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Accelerating Linux Boot Time

This blog post is written by Pasha Tatashin, on the Oracle Linux kernel team.

Linux Reboot

There are many reasons why it is important for machines to reboot quickly. Here are just a few examples:

  1. Increase uptime and availability
  2. Improve customer experience: machines feel faster overall when the boot/reboot process is fast
  3. Due to a shorter downtime, customers may choose to apply critical patches faster, thereby improving security

All of the above provide a competitive advantage.

Linux Early Boot Improvements

Since the beginning of this year, I have been looking into ways Linux boot and reboot performance can be improved. So far, I have looked only at early boot and have identified a number of problems. Several of them have already been pushed into mainline Linux, and some are in the process of being integrated.

Here is the current state of Linux reboot time on one of the largest SPARC machines, which contain 3064CPUs and 32T memory (most of fixes are in generic code, similar improvements are expected on other architectures with large configurations):

  Linux1 (before) Linux2  (after)

















Note: Firmware initialization is many times longer on raw hardware compared to the above. The data was measured in an LDom guest with virtualized I/O.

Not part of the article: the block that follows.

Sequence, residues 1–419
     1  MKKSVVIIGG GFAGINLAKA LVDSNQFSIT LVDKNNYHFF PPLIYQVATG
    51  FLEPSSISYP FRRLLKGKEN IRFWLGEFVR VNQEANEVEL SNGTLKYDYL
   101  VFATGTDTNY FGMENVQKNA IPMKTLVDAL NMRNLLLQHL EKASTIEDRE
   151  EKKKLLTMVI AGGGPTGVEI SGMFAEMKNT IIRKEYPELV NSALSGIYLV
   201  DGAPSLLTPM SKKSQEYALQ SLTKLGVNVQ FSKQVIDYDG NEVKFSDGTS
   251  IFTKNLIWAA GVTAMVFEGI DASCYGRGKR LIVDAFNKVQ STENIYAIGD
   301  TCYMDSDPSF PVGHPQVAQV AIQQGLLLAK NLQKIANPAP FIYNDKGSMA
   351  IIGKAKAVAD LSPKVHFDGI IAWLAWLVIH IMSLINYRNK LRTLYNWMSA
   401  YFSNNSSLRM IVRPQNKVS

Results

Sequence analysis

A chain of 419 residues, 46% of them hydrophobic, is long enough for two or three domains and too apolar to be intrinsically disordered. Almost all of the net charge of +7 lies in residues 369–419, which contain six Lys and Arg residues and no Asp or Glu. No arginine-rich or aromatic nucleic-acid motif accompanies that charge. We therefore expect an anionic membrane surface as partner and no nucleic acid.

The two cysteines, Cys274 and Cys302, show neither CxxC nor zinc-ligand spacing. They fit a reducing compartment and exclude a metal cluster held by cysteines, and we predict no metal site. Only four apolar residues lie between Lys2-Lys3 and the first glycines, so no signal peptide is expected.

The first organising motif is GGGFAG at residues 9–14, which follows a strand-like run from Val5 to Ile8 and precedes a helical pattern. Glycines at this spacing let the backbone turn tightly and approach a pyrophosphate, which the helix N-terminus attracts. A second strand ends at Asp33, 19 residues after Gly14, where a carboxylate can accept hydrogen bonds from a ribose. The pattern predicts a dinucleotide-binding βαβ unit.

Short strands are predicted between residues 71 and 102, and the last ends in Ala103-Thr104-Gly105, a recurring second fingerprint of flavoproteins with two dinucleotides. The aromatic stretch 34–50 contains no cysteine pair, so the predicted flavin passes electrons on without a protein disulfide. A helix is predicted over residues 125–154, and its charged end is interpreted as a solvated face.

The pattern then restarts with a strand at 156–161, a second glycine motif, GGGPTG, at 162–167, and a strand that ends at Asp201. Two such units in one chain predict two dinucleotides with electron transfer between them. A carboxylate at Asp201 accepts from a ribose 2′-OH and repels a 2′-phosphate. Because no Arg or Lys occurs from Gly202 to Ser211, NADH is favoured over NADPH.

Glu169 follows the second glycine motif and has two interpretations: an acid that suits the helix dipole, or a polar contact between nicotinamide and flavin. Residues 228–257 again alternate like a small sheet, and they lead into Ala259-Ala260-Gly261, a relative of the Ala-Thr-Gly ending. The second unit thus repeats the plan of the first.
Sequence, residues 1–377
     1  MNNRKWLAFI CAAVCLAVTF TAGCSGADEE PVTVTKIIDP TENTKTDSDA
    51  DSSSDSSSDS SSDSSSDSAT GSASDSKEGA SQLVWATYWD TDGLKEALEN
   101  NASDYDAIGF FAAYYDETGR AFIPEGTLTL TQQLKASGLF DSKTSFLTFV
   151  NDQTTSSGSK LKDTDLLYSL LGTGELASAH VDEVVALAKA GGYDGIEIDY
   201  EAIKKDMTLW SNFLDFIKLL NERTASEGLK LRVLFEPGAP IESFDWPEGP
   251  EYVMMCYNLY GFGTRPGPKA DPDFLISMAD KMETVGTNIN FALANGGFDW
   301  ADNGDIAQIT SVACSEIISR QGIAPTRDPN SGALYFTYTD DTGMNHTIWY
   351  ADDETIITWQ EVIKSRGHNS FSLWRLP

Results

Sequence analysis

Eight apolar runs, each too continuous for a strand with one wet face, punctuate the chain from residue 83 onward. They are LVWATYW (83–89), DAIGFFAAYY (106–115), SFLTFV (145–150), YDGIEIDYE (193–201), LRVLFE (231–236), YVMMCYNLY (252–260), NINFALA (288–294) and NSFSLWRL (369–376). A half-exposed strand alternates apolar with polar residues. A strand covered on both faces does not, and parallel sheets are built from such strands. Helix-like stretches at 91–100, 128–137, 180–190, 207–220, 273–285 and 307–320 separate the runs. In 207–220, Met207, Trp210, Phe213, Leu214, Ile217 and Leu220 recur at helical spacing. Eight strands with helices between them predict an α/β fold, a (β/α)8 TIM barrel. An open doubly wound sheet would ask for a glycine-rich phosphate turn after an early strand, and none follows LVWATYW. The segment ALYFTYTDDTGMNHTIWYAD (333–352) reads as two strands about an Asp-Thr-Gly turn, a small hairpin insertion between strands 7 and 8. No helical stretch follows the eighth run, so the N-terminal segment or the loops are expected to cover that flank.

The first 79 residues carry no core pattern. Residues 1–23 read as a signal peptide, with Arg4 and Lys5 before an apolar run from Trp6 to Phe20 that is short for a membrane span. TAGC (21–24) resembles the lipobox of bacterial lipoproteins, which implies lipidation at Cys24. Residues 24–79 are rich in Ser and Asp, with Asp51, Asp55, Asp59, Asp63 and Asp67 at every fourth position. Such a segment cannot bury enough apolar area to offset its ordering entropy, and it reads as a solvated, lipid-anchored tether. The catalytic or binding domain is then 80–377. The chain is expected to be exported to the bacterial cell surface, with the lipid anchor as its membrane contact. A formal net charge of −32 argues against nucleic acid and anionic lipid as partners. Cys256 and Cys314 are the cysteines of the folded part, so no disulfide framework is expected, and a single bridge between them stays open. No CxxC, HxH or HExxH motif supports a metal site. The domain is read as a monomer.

• Linux1 is a mainline kernel before my changes.
  • Linux2 includes the following changes in addition:
        1. add_node_ranges() is slow
          On a 32T system this function takes 82 seconds because it walks one page at a time to determine which NUMA node this page belongs to. After optimizing this function, it now takes less than one second. This work is already in mainline Linux.
        2. Skip caching OpenFirmware CPU nodes for faster boot
          Linux caches information about every CPU from OpenBoot, and with 3064CPUs it takes 75.56s. But, we do not really need any information about CPU nodes on sun4v because all of that is contained in the hypervisor's machine descriptor. With this fix applied, it takes less than a second to cache data from OpenBoot during boot. This change has not yet been submitted to the mainline.
        3. Zero "struct pages" in parallel
          During boot the memblock allocator zeroes all the memory for struct pages using one thread. This fix uses the deferred struct page initialization capability to zero struct pages in parallel. The improvement from this fix is about 73s on a 32T machine. The patches have been submitted to the upstream community and are now under active review.
        4. Enable deferred struct page initialization (more on this below)
          Linux has an option to initialize "struct page" in parallel later in boot. This fix saves 171s of boot time. This option is currently disabled on SPARC pending completion of some dependent work (e.g., memory hotplugging).
        5. Slow hash table initialization
          Hash tables, such as inode_cachep, dentry_hashtable, and others that are allocated using alloc_large_system_hash() can become large as memory sizes are increased. Many of them can be initialized by simply zeroing (using memset()). Also, some of them do not have to grow as fast as they currently do. I added a new adaptive scaling algorithm to tackle this problem. The total time saved is 58s. The patch is in mainline.
        6. Early boot time stamps